Tuesday, June 19, 2007

From Rwanda & Burundi With Love...

...to the East African Community!

Well, we knew it was in the works...to the extent that Rwanda would leave the Economic Community of Central African States (ECCAS) at an Eccas inter-ministerial meeting in Brazzaville, Congo two weeks ago.

In leaving, this is what the Foreign Affairs and Cooperation Minister would say:

"The regional economic communities are in the process of creating free trade zones, a common market, monetary unions and eventually political federations which are evolving at different speeds, and puts us in a very difficult situation of being tugged in separate directions"

Rwnada expressed the desire to hold onto joining the SADC region just yet, and has, as we see here, proceeded in its joining of EAC.

To be fair, it makes sense for Rwanda to toe this line, for in joining the performing EAC, the once-genocide-torn country will not only be increasing the regional population to 115 million people, but be joining a regional bloc that is making strides.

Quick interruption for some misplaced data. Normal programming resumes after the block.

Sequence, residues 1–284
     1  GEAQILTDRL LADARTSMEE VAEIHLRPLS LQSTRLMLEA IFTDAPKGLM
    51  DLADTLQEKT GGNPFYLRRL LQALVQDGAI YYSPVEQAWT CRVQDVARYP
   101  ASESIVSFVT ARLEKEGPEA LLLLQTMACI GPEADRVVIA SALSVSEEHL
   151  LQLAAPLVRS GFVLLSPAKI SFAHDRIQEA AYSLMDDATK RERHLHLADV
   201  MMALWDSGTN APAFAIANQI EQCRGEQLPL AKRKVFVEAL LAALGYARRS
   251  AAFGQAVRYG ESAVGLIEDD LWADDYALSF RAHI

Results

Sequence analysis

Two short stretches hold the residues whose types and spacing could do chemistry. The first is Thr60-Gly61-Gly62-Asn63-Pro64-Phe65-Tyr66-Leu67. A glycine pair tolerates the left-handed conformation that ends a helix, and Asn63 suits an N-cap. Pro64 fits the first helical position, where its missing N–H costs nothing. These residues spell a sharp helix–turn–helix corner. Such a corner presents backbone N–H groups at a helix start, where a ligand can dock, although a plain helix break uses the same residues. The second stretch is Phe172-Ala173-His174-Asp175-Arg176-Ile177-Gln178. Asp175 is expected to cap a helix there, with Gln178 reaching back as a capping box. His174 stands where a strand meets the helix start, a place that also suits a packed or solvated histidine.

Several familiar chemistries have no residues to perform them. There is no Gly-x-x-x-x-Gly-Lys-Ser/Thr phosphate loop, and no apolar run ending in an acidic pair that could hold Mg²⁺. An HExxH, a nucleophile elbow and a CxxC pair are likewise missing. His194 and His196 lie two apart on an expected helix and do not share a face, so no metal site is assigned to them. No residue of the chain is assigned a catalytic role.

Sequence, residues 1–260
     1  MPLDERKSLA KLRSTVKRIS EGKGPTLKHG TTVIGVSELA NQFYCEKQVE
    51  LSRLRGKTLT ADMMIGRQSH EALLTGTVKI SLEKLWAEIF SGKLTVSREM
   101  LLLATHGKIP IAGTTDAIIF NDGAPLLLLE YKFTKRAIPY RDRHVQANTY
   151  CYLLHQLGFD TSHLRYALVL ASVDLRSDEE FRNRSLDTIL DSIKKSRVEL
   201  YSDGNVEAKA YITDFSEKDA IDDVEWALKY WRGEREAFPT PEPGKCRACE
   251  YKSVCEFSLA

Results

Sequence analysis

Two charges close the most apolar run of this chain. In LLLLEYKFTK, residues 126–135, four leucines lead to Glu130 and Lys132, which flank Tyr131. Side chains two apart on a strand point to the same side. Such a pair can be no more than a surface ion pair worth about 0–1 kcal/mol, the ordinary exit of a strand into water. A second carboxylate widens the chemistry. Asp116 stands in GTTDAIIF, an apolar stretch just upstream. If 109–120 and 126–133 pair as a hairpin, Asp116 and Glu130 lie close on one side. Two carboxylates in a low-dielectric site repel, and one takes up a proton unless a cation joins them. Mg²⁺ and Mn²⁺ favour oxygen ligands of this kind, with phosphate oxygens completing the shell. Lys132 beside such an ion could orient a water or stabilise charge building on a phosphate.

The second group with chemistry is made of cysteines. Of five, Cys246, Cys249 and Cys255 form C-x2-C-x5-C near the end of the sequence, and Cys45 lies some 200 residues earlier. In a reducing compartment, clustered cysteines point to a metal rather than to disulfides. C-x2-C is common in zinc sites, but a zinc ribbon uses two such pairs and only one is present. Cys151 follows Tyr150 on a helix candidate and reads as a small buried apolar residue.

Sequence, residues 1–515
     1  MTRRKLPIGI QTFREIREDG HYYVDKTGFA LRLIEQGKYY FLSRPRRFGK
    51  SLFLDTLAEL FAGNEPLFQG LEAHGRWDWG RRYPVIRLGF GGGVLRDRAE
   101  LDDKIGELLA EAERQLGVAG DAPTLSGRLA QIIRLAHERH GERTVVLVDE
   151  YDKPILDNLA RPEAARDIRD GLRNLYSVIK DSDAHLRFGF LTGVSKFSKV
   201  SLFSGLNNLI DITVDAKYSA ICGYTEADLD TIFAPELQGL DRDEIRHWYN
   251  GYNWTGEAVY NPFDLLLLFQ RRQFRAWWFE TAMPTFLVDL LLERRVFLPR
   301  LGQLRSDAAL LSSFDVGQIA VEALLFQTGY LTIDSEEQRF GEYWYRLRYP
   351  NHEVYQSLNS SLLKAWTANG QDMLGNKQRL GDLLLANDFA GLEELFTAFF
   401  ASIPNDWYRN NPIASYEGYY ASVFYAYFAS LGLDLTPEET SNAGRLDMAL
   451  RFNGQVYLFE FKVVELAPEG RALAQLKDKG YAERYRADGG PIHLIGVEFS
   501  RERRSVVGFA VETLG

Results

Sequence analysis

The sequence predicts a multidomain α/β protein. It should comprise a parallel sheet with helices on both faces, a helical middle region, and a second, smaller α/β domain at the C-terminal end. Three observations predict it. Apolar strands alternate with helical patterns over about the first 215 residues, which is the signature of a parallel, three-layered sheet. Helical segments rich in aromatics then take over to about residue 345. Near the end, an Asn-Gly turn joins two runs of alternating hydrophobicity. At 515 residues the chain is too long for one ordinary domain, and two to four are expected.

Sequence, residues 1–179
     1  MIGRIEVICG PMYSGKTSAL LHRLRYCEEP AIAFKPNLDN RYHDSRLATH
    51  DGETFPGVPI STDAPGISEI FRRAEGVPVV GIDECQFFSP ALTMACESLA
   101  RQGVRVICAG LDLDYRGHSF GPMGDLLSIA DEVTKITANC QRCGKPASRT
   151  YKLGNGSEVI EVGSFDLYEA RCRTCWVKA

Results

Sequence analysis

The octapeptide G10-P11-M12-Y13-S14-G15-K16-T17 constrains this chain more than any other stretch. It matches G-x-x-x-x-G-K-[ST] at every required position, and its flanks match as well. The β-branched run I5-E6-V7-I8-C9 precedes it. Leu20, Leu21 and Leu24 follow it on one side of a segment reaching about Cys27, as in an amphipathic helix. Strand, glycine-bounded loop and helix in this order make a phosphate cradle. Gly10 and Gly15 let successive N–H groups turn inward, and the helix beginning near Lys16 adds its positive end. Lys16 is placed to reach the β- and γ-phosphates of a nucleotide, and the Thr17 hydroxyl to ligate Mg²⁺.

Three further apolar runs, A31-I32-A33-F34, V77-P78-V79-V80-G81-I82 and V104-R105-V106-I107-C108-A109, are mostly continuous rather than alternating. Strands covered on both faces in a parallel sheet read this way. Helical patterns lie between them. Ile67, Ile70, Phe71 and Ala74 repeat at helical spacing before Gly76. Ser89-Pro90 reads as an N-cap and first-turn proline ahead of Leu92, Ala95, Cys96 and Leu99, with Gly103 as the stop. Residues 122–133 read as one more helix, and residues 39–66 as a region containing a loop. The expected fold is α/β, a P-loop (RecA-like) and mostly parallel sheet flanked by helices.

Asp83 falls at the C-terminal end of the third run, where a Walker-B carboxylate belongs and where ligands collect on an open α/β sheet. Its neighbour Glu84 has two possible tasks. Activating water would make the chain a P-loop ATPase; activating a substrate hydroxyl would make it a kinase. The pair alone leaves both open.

The article maintains that some of the institutions both Burundi and Rwanda will benefit from joining are:

  • the East African Court of Justice;

  • the East African Legislative Assembly

  • the Secretariat

  • Defence Pact
  • , including...
  • the Inter-University Council for East Africa and sustainable development of the Lake Victoria basin

  • There are many other advantages besides this, such as on foreign policy and visa applications:

    In respect to foreign policy, the five member states will be able to take a common stand at international fora and assist each other in countries where they do not have diplomatic missions. This entails that any of the five member states can appoint one mission to represent their interests abroad.

    Nationals from the five countries will also be able to have visa applications processed in any of the missions representing the region.

    With regard to the East African political federation, the consultative process which has been going on in the three partner states, is expected to extend to Rwanda and Burundi. A federal president and parliament is expected in 2013

    There are, quite naturally, fears about Rwanda and Burundi joining the EAC, and it has mostly to do with loss of sovereignty.

    Either way, the EAC is no longer a three-member bloc, but a fully-fledged five-member one. At least, from 1 July, when the AU Summit will also be in process, here, in Accra.

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